Flash Fiction #189

Signs

PHOTO PROMPT © Jean L. Hays

I’VE SEEN THE SIGNS

When the Europeans came to North America, the natives did not own the land. They felt the concept to be silly. Land was like the air – ever and unending. Groups might squabble about who could live or hunt on some portion of it, but The Great Spirit had put it there for all to share.

The White Man soon taught them about ownership and possession. Corporations and governments, which also didn’t “own” the land, sold chunks of it to groups and individuals. Soon, the walls went up, and then the fences – first stone, then split rail, and finally, wire fences.

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Go to Rochelle’s Addicted to Purple site and use her Wednesday photo as a prompt to write a complete 100 word story.

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After the fences came the signs – signs meant “to keep all the other people out, and to keep Mother Nature in.” Click to hear the Five Man Electrical Band decry the restrictive commercialization of our land and society.

Friday Fictioneers

 

Book Review #16

The Whenabouts of Burr

I just got back from a short time travel trip.

I recently visited the website of a female author. She has written 5 or 6 Young-Adult Sci-Fi books, all centered on Mars – ‘The Tunnel on Mars, A Ranch on Mars, Subduing Mars, etc.’  The post I read was her book-review of Time And Again, a seminal time-travel novel.

I told her that I was also fascinated with time travel stories. I showed a bunch of them in my post of books read in 2016. I remembered a somewhat different time-travel book, and suggested it to her. Later, I went back in time, dug it out of my hoard of old Sci-Fi books, reread it, and decided to do a book review of it.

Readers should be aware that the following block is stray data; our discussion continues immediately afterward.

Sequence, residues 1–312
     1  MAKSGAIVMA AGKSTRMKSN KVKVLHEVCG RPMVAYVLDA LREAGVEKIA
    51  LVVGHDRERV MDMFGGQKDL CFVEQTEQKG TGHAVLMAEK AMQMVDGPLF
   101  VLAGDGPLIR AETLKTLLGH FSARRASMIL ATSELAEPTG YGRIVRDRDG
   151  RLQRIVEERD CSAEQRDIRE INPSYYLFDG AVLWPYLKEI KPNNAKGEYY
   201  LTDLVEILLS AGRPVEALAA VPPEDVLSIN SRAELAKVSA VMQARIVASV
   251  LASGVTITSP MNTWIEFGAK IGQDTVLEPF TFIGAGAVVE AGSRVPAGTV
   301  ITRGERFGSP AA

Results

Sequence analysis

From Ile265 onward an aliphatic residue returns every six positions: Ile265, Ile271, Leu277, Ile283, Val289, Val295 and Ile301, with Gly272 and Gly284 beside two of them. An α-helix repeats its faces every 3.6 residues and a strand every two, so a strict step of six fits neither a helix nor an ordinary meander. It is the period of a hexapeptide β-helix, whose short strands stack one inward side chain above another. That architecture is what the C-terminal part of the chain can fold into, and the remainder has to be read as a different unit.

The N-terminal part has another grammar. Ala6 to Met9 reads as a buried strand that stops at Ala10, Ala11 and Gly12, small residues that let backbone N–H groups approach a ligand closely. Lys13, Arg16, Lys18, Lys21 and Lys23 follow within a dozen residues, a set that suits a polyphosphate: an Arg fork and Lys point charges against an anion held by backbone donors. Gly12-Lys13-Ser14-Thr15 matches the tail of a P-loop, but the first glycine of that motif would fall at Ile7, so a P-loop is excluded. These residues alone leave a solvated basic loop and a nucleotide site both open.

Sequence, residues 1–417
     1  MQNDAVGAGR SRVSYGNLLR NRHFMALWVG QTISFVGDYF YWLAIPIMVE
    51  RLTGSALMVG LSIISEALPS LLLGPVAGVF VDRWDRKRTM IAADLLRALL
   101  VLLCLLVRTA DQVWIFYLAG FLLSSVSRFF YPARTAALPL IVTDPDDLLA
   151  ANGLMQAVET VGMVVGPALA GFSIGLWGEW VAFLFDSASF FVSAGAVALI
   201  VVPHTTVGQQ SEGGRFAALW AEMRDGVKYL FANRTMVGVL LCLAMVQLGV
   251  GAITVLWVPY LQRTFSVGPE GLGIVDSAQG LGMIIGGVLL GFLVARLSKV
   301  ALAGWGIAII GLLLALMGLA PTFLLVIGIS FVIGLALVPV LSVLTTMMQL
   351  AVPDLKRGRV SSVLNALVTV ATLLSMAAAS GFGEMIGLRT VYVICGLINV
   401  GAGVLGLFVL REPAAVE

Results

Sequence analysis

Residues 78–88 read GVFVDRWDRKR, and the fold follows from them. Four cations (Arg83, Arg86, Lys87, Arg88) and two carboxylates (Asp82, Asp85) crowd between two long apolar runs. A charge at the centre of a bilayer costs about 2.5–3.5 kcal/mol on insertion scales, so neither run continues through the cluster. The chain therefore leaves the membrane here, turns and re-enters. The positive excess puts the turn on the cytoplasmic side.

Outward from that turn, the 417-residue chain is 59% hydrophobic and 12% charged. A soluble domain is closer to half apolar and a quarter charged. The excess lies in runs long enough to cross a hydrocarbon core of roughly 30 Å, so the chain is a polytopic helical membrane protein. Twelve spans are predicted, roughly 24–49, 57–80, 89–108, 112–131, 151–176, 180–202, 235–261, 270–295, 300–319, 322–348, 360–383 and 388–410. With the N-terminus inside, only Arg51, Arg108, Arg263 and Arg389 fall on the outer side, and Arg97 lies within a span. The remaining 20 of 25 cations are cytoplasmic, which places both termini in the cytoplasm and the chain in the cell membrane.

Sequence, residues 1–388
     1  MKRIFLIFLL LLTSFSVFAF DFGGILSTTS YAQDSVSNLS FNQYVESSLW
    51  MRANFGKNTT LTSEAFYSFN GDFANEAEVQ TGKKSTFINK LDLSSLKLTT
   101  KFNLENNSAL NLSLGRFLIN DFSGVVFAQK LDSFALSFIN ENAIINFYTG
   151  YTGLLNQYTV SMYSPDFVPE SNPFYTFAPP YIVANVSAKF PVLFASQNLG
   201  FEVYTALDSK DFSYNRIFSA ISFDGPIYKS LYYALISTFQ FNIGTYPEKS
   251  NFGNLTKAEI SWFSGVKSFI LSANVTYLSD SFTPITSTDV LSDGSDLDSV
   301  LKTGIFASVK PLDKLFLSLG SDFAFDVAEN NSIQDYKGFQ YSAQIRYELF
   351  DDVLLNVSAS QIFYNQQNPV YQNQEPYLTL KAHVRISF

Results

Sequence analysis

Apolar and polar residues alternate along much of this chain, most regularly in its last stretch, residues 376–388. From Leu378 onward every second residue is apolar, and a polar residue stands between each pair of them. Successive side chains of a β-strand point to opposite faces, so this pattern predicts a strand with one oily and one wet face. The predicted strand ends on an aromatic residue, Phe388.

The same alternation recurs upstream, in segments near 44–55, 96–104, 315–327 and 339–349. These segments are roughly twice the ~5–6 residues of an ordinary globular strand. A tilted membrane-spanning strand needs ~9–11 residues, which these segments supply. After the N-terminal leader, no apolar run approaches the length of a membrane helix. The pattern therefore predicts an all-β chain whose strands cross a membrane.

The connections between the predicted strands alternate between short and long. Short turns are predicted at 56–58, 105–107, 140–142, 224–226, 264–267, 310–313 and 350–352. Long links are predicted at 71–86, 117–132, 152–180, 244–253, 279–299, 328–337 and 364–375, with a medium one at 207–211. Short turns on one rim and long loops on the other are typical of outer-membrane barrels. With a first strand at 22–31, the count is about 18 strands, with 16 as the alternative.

The Book: The Whenabouts Of Burr (1975)

The Author: Michael Kurland

The review: The time travel in this book isn’t – quite. It’s a story about parallel Universes, and alternate Earths, created by different choices at significant historical nexus points, like the Aaron Burr/Alexander Hamilton duel. Like a deck of cards skewed sideways, each reality is just over nine hours from its neighbors. The more levels you travel through, the further back in time you go.

It’s a great device for the author to make sociological comments – a fun game of “What If”. In some levels, Burr lives, but becomes an exiled political outlaw. Some levels have benevolent, supportive democracies, others have restrictive tyrannies. On some worlds, Europeans did not reach the Americas, and the natives have developed their own civilizations.

The sharpest social comment/warning comes from the author’s description of Prime Time, the world which originally developed the Temporal Translation Technology. The people have become like professional Victorian tourists, slumming, and gaily gadding about the alternate words, observing. The entire society has become effete and static. There is no interest, or challenge, nor further research or advancement through struggle, because they now steal/import all discoveries and new technology from the other ‘Earths.’

Published only a little over 40 years ago, it’s not as old as many of my books. It was a fun re-read, and a warning reminder of how Western society may be going. I got back in time to publish this post, and I’ll move forward, to have another ready in a couple of days. See you then. 😀